Andrew Sullivan & Hugh Hewitt Go Toe-To-Toe
If you want to follow the rounds so far you can find Hugh's responses here (Round 1) and here (Round 2) and you can find Andrew's attacks here (Round 1) and here (Round 2).
I hope that this does not turn into one of those epic movie fights like that between John Wayne and Victor McLaglen in "The Quiet Man" where each man pommels the other into exhaustion.
On the other hand, perhaps this slug-fest is like the Israel-Hezbollah conflict where well-meaning people wish that everyone could just shake hands, make peace and get along with each other but the reality is that each is determined that there be a "winner" and a "loser."
Personally, I wish that, as honorable men, they will just allow the whole thing to quiet down, express their disappointment in each other and mutally apologize for "hurting each other's feelings!"
Time will tell.
My own commentary so far is that Sullivan, having come out swinging in the first round, has been bobbing, weaving and playing rope-a-dope with Hewitt ever since.
Even by his own definition of the word "Christianist" Sullivan cannot actually believe that Hewitt holds "the view that religious faith is so important that it must also have a precise political agenda. It is the belief that religion dictates politics and that politics should dictate the laws for everyone, Christian and non-Christian alike."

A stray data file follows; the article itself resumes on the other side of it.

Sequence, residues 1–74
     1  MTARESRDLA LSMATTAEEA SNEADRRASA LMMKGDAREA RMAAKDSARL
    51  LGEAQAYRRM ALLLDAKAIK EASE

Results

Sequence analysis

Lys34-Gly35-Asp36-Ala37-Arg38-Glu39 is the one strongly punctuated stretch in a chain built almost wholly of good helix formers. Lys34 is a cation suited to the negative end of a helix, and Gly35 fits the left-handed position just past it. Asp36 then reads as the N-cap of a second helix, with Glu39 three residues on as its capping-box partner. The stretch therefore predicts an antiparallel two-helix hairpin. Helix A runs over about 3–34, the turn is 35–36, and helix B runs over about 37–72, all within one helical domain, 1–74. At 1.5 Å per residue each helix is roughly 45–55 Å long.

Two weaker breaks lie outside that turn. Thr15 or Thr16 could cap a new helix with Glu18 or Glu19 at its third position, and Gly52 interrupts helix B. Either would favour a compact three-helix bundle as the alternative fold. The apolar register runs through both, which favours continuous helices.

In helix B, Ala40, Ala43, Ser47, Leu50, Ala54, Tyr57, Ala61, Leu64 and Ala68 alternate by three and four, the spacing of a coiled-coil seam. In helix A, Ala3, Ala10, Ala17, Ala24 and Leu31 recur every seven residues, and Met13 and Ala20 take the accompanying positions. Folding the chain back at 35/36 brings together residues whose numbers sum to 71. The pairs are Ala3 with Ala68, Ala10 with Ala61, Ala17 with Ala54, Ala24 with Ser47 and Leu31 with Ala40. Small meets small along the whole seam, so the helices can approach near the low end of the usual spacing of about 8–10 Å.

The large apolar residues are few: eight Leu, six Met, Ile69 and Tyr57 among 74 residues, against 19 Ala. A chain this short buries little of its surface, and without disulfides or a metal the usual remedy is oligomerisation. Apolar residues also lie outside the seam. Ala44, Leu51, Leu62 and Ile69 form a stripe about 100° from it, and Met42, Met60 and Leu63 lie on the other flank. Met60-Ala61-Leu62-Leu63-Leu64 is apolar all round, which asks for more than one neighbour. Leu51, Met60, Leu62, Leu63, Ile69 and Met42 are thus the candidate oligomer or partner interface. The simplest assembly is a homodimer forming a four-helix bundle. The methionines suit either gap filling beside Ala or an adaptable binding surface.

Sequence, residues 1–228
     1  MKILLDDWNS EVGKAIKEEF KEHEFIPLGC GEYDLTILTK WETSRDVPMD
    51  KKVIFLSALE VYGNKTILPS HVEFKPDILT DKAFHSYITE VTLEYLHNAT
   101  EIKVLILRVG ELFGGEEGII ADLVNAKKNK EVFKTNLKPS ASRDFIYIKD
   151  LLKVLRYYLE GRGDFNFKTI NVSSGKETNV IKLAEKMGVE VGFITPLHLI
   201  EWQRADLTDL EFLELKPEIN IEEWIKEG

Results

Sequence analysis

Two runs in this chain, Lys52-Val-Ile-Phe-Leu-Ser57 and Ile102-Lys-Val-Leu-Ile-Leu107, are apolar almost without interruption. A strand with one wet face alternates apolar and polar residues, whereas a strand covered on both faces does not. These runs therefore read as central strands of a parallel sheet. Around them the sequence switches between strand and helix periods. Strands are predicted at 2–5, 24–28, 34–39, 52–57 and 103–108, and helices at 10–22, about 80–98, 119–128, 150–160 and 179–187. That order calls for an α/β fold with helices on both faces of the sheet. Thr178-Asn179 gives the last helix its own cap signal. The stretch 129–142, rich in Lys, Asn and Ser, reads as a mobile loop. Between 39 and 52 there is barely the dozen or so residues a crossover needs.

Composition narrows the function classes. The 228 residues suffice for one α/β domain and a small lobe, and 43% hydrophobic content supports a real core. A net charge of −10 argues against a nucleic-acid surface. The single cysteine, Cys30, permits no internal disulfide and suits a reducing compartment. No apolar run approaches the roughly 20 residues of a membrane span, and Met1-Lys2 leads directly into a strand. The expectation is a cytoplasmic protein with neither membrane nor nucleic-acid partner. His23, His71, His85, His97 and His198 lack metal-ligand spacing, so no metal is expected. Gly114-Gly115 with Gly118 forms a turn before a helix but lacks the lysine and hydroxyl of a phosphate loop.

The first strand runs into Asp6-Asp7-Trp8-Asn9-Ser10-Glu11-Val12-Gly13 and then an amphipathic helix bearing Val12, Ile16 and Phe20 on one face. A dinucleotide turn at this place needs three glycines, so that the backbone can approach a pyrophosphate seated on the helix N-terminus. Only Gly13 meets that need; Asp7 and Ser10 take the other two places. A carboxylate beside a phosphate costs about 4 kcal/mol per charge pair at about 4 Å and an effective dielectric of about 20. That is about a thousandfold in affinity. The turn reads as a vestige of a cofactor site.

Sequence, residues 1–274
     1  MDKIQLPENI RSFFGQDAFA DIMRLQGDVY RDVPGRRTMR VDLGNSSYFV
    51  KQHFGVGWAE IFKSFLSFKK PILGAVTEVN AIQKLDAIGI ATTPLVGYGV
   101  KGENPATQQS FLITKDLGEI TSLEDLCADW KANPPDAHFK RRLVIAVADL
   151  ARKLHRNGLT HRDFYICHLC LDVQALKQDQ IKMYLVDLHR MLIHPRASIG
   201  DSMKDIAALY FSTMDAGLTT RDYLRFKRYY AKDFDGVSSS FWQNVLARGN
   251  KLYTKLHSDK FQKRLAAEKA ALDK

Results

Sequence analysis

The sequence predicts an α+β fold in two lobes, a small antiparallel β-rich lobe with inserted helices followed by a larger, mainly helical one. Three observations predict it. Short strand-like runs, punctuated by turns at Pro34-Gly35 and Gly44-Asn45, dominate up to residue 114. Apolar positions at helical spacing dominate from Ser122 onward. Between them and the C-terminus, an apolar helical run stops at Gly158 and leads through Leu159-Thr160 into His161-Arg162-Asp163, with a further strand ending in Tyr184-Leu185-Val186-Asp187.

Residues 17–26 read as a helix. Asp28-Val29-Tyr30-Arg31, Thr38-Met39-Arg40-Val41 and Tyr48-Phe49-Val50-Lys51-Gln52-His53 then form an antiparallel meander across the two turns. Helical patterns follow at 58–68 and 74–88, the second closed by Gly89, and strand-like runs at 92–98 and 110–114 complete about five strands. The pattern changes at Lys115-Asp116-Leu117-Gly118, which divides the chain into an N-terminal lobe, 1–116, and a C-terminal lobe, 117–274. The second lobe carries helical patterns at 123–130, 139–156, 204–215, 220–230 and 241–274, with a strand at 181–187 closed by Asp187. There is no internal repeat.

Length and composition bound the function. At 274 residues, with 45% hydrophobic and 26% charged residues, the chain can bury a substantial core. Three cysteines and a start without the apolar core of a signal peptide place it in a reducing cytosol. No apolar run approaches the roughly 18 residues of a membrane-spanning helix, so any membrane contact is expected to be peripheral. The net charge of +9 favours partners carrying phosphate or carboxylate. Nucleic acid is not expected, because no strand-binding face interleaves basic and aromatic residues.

Nor can Sullivan defend the inference that Hugh's so-called "Christianism" parallels the Islamist's desire "to wield Islam (Christianity) as a political force and conflate state and mosque (church)."
Nor does Sullivan need to come up with any more vague definitions of this word, "Christianist" (the derogatory meaning and origin of a related term, "christer" I have traced in a previous post). As I see it, the way Sullivan "thinks" he means it is simply that a "Christianist" is someone who has the political/religious interest in (re)establishing "Christendom" in one place or in all places.
Wikipedia actually provides a good description of "Christendom" when it states,
...the vision of Christendom is a vision of a Christian theocracy, a government devoted to the enforcement of Christian values, and whose institutions are suffused with Christian piety. In this vision, members of the Christian clergy wield plenty of political clout.It seems to me that this would provide a fair and objective way of defining a "Christianist" that would provide a common point of departure for discussion and debate.
Yet I doubt that Sullivan would accept this definition because it does not carry enough subjective, emotional, politically incorrect subtlety. It would also provide a definition that would be too clear and universally understood for Sullivan to defend himself in his use of the term "Christianist" against Hewitt.
Sullivan seems to base his defense on being specific and vague at one and the same time.
I think (to use a mixed netaphor that really doesn't fit with boxing) that Hewitt has the "high ground" on this matter. In the end, should this ever come to an end, I suppose the high ground, like Cemetary Hill at Gettysburg, will decide the outcome.
All I really ask is that the two gentlemen keep their fight as clean and as close to the vision of the Marquis of Queesbury as possible.